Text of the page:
The Bronx gave birth to two of the biggest names in American fashion in Ralph Lauren and Calvin Klein—and now it may be time to add a third: Emanuel Chirico.
This story first appeared in the June 21, 2010 issue of WWD. Subscribe Today.
He may not be quite the household name of his Bronx brethren, but Chirico—who goes by Manny— captains an apparel company, Phillips-Van Heusen, that is fast becoming one of the largest in the world, owning Calvin Klein and now Tommy Hilfiger, which it officially acquired on May 6. The deal doubled the size of PVH—which, for most of its 130-year history, was a respected but sedate shirtmaker—and catapulted it into the first ranks of modern, global fashion firms.
“There must be something in the water,” says Chirico, chairman and chief executive officer of PVH, of his outer-borough origins. “I have to pinch myself every once in a while. I find it amazing that I’m running two of the most iconic brands in fashion.”
Including licenses, those brands ring up massive sums at retail, with Calvin Klein—which PVH acquired in 2003—bringing in about $5.8 billion, and Tommy Hilfiger, $4.5 billion. And while those two labels represent the highest-profile elements of PVH, the heritage businesses are important moneymakers, as well. The company is the largest dress shirt manufacturer in the world, commanding a more than 45 percent market share in the department store channel with owned and licensed brands such as Geoffrey Beene, Arrow, Nautica and DKNY.
In neckwear, PVH’s dominance is even greater, as it makes 50 percent of all ties sold in the U.S. under a portfolio of more than 50 owned and licensed brands. The company also owns the Izod sportswear brand and markets Timberland sportswear under license. PVH’s retail business includes about 650 outlets for its Calvin Klein, Izod, Bass and Van Heusen brands.
Including Tommy Hilfiger, PVH’s total 2010 revenue is forecast at $4.8 billion, with earnings before interest, taxes, depreciation and amortization of close to $800 million.
Chirico, a former college basketball player and boxer, may seem an unlikely fashion enthusiast, but he gravitated toward the industry early in his career as an accountant at Ernst & Young. He ended up heading that firm’s retail and apparel practice before being recruited by PVH, one of his clients, to become its controller.
“I’ve always been interested in the fashion industry because it’s fast and exciting, and I love the dynamic of the business,” says Chirico, 53. “You can make changes relatively quickly compared to other industries. If you can get the right product and design into the marketplace, you can effect change within months. In something like the auto industry, it would take years.”
Chirico, who has a grounded and approachable demeanor, was born in 1957 to a homemaker mother and a father who was a crane operator on construction sites. His parents sent him to a prestigious Catholic high school in the Bronx, Cardinal Spellman. Among his schoolmates was a notable young woman: future Supreme Court Justice Sonia Sotomayor. “She was three years ahead of me. I remember her because I played basketball with her brother, who’s now a doctor,” Chirico recalls. “She was president of the student body. Even back then she was the smartest person in the room.”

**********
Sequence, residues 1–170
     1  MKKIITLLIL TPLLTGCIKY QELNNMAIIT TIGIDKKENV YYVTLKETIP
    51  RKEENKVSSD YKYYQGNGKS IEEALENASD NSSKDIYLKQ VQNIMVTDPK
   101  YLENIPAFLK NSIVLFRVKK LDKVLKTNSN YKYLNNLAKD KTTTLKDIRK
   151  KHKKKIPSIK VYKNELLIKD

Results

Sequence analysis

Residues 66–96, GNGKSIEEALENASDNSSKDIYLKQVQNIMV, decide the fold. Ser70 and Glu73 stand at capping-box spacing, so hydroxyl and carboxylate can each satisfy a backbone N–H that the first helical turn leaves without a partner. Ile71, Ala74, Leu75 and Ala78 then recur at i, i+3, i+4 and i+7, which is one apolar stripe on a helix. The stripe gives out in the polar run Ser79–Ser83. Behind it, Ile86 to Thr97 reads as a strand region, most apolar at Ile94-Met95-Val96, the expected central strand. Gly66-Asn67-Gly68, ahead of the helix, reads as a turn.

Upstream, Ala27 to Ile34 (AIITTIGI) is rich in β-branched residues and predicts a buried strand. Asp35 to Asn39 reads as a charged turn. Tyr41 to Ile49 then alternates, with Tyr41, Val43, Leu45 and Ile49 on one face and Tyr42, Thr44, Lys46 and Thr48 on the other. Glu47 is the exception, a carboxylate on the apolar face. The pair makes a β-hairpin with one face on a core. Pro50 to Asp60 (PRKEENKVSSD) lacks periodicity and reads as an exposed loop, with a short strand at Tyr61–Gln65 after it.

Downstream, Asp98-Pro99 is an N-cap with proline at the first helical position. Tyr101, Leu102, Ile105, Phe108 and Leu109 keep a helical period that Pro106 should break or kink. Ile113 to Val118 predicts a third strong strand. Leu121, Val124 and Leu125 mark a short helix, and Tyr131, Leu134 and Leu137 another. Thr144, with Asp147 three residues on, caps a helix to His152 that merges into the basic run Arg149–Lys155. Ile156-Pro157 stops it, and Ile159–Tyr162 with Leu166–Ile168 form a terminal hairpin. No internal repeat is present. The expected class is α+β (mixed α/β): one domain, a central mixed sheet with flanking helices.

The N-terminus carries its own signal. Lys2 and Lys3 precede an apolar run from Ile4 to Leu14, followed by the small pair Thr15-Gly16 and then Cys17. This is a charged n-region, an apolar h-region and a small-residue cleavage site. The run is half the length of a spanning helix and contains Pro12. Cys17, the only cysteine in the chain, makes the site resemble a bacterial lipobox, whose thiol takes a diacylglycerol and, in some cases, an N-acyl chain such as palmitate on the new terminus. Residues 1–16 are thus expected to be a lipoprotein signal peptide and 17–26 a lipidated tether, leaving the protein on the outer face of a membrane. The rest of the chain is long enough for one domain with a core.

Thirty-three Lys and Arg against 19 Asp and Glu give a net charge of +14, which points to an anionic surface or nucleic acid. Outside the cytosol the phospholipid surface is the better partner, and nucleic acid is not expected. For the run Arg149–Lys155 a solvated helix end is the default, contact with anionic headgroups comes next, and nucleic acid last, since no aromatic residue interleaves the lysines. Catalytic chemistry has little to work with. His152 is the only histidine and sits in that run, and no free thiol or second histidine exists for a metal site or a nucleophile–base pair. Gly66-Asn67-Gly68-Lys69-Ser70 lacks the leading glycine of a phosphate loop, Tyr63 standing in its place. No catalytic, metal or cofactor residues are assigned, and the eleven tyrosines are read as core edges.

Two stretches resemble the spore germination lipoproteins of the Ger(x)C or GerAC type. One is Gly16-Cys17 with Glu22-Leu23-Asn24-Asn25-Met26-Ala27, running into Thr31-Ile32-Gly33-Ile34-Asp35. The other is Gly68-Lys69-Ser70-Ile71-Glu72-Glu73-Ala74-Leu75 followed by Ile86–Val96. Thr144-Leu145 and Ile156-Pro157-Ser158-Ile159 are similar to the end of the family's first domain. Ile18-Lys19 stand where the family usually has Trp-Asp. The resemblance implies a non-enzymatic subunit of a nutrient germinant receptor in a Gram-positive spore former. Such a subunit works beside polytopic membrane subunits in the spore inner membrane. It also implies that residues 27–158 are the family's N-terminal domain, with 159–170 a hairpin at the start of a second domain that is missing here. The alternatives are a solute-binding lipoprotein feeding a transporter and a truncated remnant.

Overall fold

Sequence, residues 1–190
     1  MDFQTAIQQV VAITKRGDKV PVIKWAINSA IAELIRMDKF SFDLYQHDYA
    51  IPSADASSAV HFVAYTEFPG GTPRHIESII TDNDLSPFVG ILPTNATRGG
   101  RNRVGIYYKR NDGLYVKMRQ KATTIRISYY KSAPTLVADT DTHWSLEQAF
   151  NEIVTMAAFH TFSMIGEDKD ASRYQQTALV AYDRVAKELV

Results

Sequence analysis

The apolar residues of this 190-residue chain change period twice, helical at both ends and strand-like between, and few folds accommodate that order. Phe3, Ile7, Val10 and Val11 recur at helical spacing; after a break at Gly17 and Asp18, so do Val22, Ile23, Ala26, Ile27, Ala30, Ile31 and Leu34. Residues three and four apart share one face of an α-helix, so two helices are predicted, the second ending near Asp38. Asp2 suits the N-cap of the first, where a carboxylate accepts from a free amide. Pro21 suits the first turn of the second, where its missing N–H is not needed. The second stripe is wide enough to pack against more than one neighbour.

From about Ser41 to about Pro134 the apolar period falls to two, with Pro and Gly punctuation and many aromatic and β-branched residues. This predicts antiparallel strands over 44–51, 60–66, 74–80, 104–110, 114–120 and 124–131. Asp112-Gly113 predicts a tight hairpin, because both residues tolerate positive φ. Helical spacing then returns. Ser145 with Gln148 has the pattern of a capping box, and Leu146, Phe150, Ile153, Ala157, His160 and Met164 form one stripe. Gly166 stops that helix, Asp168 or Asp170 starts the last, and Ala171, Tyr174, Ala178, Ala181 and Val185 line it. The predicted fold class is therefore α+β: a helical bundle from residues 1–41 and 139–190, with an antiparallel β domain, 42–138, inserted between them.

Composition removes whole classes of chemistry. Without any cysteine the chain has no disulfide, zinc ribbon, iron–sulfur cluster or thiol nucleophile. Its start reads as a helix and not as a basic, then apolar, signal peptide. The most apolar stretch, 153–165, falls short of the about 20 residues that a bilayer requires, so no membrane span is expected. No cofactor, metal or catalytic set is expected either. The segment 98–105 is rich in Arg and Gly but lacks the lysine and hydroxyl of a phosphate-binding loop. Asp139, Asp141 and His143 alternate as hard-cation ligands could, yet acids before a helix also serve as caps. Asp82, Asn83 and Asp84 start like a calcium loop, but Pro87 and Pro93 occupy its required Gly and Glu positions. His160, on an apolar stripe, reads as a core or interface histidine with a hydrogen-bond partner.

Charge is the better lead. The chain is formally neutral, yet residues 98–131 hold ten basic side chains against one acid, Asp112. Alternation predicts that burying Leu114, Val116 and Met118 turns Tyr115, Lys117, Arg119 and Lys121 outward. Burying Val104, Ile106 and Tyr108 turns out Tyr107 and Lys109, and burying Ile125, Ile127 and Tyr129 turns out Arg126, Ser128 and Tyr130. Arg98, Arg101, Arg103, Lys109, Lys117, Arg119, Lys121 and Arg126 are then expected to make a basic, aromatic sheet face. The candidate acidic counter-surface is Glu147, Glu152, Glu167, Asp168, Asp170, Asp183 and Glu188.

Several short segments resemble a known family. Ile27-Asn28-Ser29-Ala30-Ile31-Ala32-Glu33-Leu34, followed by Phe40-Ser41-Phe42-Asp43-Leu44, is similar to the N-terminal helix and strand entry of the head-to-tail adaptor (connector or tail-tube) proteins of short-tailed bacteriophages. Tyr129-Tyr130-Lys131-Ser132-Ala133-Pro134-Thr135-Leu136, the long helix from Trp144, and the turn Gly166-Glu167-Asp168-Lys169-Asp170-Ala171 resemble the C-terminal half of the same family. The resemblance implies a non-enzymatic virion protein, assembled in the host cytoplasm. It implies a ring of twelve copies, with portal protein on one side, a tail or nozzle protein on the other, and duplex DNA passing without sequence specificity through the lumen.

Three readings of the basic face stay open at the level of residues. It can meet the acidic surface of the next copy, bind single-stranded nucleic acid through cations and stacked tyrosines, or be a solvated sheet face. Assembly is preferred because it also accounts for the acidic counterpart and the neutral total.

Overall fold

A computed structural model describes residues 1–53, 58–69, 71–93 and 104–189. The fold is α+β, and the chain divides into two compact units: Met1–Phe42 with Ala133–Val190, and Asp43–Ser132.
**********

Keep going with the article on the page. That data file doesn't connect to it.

Planning on becoming a dentist, Chirico went on to Fordham University, but orthodontics wasn’t in the cards for him. “That idea lasted for one biology course,” he admits. “So I took some accounting courses. I was getting married and needed something stable.”
After graduating, Chirico joined Ernst & Young and ended up staying for 14 years. In 1993, he jumped to PVH, and in 1999, he was promoted to chief financial officer. In 2005, he became president and chief operating officer when ceo Bruce Klatsky retired and Mark Weber, the previous president and chief operating officer, was appointed to the top job. However, in a surprise move eight months later, Weber was removed from the ceo position by PVH’s board, and Chirico was elevated to the role—much sooner than he or anyone else at the company would have predicted.
“It’s not the way I wanted to get this job,” said Chirico at the time. “It was a big surprise, and this isn’t a company that delivers surprises.” (Weber is now chairman and ceo of Donna Karan Inc. and ceo of LVMH Inc. U.S.)
Klatsky, who is now a partner at White Plains, N.Y.–based private equity firm LNK Partners, says Chirico was long viewed by the PVH board as a ceo-in-waiting. “That succession was planned. Mark, Manny and I were a triumvirate while I was ceo,” he explains. “Manny has tremendous financial acumen, and he also has a tremendous set of personal values that were very important to the culture of PVH.”
Klatsky adds that, while Chirico is at heart a numbers person, he also has a firm grasp of other disciplines vital to the fashion business. “Manny is a financially oriented fellow, but he has the ability to relate to the marketing folks. It’s not very often you find a talented financial executive who respects and understands that function so well,” says Klatsky, who spent 35 years at PVH and engineered the Calvin Klein acquisition. (LNK Partners helped finance part of PVH’s acquisition of Tommy Hilfiger, but Klatsky, who hasn’t had an active role in the equity firm for several years, was not involved in the deal.)
Chirico, for his part, calls Klatsky a key mentor. “He’s the one who really helped me with my management style and opened my eyes to the possibilities of my own career,” says Chirico. “I always thought of myself as a financial manager, and he broadened my own ideas of what I could do and manage.”
In one of his non-PVH roles, Chirico—who is an enthusiastic golfer, despite his admitted “above 20” handicap—sits on the board of the $4.41 billion Dick’s Sporting Goods chain. He’s also a trustee of Fordham University and a board member of the HealthCare Chaplaincy, a nonprofit organization that provides chaplains to hospitals and education on the impact of spirituality on health care.